A good example would be george rr martin who wrote the books for game of thrones, i saw in an interview once that they way he write is almost like playing dnd he makes decisions to fit the character and lets their stories develop on their own as he keeps going

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  • Only vaguely, that's kinda important for the story to be coherent, or else you'll accidentally create countless plotholes. But aside from a vague direction, not really, and you'll probably make many changes while writing anyway.

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  • You should know a majority of the plot. The big moments, the growth of characters, etc. But always leave room for random inspiration, sometimes it can push you in the right direction and add a bit of flair to the story.

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  • It need to have an end goal but it can be vague untill the end.
    I tried typing a story in word for a week or so, got pretty far. I know how all three main stories end but the middle isn't to complete yet.

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  • Nahh just freeball it on a rough draft spitball ideas till something sticks I would say at least have an idea what direction you wanna take it but other than that go wild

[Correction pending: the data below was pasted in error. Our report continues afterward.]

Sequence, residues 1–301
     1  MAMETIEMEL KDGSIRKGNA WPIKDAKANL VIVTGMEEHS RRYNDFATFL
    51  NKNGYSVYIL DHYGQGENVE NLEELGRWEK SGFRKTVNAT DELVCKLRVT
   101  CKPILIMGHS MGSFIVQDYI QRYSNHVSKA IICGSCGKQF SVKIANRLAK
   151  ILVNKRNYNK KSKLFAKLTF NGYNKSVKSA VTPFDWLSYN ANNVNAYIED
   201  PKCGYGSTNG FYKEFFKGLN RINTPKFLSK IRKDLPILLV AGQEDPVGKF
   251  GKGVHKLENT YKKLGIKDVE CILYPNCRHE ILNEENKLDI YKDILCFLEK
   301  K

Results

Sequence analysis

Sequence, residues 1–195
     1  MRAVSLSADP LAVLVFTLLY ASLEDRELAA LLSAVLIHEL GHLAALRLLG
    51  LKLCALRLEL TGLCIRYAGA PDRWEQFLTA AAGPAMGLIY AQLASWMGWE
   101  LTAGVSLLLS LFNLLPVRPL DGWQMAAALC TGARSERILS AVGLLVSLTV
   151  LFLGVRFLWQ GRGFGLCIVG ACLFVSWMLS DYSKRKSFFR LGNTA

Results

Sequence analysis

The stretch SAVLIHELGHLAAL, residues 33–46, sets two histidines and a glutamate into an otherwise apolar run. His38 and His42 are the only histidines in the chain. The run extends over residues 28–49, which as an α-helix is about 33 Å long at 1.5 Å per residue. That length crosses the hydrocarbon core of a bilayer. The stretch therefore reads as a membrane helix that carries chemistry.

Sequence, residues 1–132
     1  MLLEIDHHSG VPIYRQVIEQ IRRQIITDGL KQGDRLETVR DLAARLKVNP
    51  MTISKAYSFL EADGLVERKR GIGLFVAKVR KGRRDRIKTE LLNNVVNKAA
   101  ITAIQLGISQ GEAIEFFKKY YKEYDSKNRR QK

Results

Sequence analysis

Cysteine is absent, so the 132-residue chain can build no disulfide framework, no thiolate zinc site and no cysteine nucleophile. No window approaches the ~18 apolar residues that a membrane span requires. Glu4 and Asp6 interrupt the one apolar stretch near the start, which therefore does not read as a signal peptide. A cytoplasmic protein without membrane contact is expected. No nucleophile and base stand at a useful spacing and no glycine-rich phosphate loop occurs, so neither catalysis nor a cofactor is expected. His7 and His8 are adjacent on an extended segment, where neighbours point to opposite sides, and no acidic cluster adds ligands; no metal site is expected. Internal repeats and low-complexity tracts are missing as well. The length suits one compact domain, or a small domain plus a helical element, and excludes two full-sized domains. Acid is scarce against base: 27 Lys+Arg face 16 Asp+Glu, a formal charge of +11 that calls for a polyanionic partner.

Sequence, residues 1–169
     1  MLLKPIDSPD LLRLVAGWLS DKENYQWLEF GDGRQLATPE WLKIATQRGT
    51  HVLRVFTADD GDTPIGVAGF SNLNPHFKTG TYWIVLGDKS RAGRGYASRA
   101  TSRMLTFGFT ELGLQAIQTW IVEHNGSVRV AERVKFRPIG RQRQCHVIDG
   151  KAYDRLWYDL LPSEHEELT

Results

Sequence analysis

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  • Is the plot necessary? Not really you can make it as you write it, the message though that I don't know

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  • Not necessarily. It all depends on the way the story unfolds in your head. If you got with a predetermined path to the story, you might miss out on a more interesting storyline.

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  • I think that would be ideal - otherwise you run the risk of writing yourself into a hole. The author may realize they want to change direction, but what's published is published.